When imagining how virtuous people would act, however, we do not need to envision some “ideal human being” who always does the right thing. Virtue does not entail perfection. Most of us know some virtuous people, but very few of us know saints. Instead of wondering what a saint would do, then, we simply need to determine what a person would have to be like in order to be described as generous, selfless, empathetic, and so on. Let us imagine the following case:

An eccentric philanthropist visits a small town in the third world suffering from the grips of extreme poverty and disease. Looking to donate $1 million a year, he randomly selects twenty individuals each of whom he gives $50,000 and pledges to do the same every year. Ms. Respectable, a single, healthy 25-year old woman, is one of the lucky winners of the philanthropist’s lottery. In a few years, she is able to invest in a large home, put some of the money in savings in an offshore bank account, and purchase a television, a personal computer, some designer clothes, and an SUV. Every time she leaves her home she is faced with the thousands of lottery losers who have no access to sufficient nutrition, shelter, medical care, or education. Occasionally she is moved to pity and gives a dollar or two to the children dying in the home next door. For the most part, however, Ms. Respectable enjoys her new life and is considering leaving her hometown to join a wealthier community.

While Ms. Respectable may be a decent person (she has not committed any cold-blooded murders for instance), she certainly is not generous or selfless. She sees dying people all around her and yet does very little to stop it. Although she occasionally feels empathy, it would be a stretch to call her an empathetic person. While we may not condemn her, we certainly would not praise her. Acting as Ms. Respectable does is not virtuous; it is certainly not how we ought to act.

But, is our situation that much different than Ms. Respectable’s? Most of us living in the United States live relatively comfortable lives. We usually do not have to worry about whether we will eat today or have access to clean water. If we have children, we know they will be immunized from preventable diseases. Many of us also have a number of luxuries: computers, televisions, nice clothes, and so on. But why is it that we enjoy luxuries while others live in squalor? In a way, we have won a lottery. Although we do work for our money, we were born at a time and a place where there is the opportunity to work, where goods and services are freely traded, and basic rights are protected. Like Ms. Respectable, we are aware of the billions in poverty, and though we can provide helpful donations with a phone call or mouse click, we often ignore them.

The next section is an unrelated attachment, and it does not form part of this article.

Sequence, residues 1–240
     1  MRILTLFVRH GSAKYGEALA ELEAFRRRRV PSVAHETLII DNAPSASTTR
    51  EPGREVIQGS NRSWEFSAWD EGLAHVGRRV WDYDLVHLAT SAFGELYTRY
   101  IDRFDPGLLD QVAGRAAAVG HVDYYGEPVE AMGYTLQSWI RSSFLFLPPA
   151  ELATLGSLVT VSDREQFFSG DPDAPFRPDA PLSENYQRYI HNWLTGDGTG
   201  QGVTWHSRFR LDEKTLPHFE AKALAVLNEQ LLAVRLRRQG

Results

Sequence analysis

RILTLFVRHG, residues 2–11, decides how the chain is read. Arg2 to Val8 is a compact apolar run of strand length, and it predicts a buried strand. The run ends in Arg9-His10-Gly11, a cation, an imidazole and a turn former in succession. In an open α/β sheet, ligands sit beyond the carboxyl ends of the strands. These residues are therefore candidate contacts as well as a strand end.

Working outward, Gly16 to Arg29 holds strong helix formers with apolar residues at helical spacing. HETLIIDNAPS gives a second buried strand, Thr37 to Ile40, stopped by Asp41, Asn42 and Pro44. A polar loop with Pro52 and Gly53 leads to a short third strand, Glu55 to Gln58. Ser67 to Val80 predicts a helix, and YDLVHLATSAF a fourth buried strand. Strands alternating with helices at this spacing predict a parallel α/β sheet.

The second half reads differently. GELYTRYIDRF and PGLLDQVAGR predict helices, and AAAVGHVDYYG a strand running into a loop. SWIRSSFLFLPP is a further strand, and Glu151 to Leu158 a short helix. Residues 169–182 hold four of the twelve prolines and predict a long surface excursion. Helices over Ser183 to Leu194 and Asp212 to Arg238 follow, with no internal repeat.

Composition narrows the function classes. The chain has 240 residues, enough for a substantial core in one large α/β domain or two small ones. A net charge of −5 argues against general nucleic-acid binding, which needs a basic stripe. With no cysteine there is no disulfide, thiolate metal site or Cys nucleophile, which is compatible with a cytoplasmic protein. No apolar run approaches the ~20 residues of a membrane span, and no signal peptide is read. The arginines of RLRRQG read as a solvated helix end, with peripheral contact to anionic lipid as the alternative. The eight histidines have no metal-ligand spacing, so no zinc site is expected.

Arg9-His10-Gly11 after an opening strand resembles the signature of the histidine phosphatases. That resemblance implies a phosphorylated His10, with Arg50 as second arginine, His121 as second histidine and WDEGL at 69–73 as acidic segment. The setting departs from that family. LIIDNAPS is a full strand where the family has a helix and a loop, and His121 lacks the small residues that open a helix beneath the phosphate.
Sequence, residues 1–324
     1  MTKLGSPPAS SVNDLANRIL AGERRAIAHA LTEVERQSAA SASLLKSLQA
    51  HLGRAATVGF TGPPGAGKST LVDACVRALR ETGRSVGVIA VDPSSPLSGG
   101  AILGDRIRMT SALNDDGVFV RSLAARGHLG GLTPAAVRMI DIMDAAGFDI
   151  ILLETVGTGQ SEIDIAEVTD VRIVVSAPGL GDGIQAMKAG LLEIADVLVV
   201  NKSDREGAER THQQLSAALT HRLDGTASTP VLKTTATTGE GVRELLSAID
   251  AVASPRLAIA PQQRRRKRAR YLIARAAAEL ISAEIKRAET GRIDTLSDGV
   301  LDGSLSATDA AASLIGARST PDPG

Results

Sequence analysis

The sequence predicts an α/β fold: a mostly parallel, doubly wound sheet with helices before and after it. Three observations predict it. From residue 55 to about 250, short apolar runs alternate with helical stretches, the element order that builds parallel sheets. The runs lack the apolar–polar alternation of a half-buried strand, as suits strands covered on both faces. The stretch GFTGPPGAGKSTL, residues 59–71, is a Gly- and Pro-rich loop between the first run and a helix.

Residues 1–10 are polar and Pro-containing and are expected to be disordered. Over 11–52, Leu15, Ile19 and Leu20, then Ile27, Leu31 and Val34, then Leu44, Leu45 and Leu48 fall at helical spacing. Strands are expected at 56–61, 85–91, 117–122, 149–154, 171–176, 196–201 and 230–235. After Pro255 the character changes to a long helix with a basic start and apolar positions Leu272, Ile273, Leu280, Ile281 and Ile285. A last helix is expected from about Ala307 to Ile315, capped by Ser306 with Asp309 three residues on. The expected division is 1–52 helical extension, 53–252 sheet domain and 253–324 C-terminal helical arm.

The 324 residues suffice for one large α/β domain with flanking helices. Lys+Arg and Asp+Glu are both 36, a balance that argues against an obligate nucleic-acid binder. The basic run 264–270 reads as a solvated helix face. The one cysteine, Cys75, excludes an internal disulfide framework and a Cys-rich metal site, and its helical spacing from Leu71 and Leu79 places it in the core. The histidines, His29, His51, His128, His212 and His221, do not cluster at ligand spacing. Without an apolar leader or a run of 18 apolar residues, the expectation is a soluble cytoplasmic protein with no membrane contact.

If our situation is relatively similar to Ms. Respectable’s, then what are we obligated to do? Remember that Singer mistakenly overlooks our special obligations to friends and family. We should acknowledge that the virtuous person would spend more time and money on those closest to her (in this way, Ms. Respectable differs from us). Indeed, the virtuous person would not want to neglect the virtues associated with being a good friend, child, or parent. On the other hand, as demonstrated by the cases of Minimal E. Goode and Ms. Respectable, the virtuous person would do more than make the occasional small donation. What is required to be generous, selfless, and empathetic is to truly care for those less fortunate than ourselves and to make genuine sacrifices in order to alleviate their suffering. Although precisely what contribution we ought to make will depend largely on our unique economic circumstances and particular responsibilities, we can be assured that accumulating unnecessary luxuries while millions starve is not the virtuous thing to do.


ii Mylan Engel Jr., “9/11 and Starvation” in The Right Thing to Do: Basic Readings in Moral Philosophy, 4th ed., eds. James Rachels and Stuart Rachels. (New York: McGraw-Hill, 2007), 136.

iii Peter Singer, “Famine, Affluence, and Morality,” in World Hunger and Morality, 2nd ed. Eds. William Aiken and Hugh LaFollette. (Upper Saddle River, NJ: Prentice Hall, 1996), 28.

iv Peter Singer, “The Singer Solution to World Poverty” in The Right Thing to Do: Basic Readings in Moral Philosophy, 4th ed., eds. James Rachels and Stuart Rachels. (New York: McGraw-Hill, 2007), 144.

v Immanuel Kant, Foundations of the Metaphysics of Morals and What is Enlightenment, 2nd ed rev. , trans. Lewis White Beck. (Upper Saddle River, NJ: Prentice Hall, 1995), 38 ff.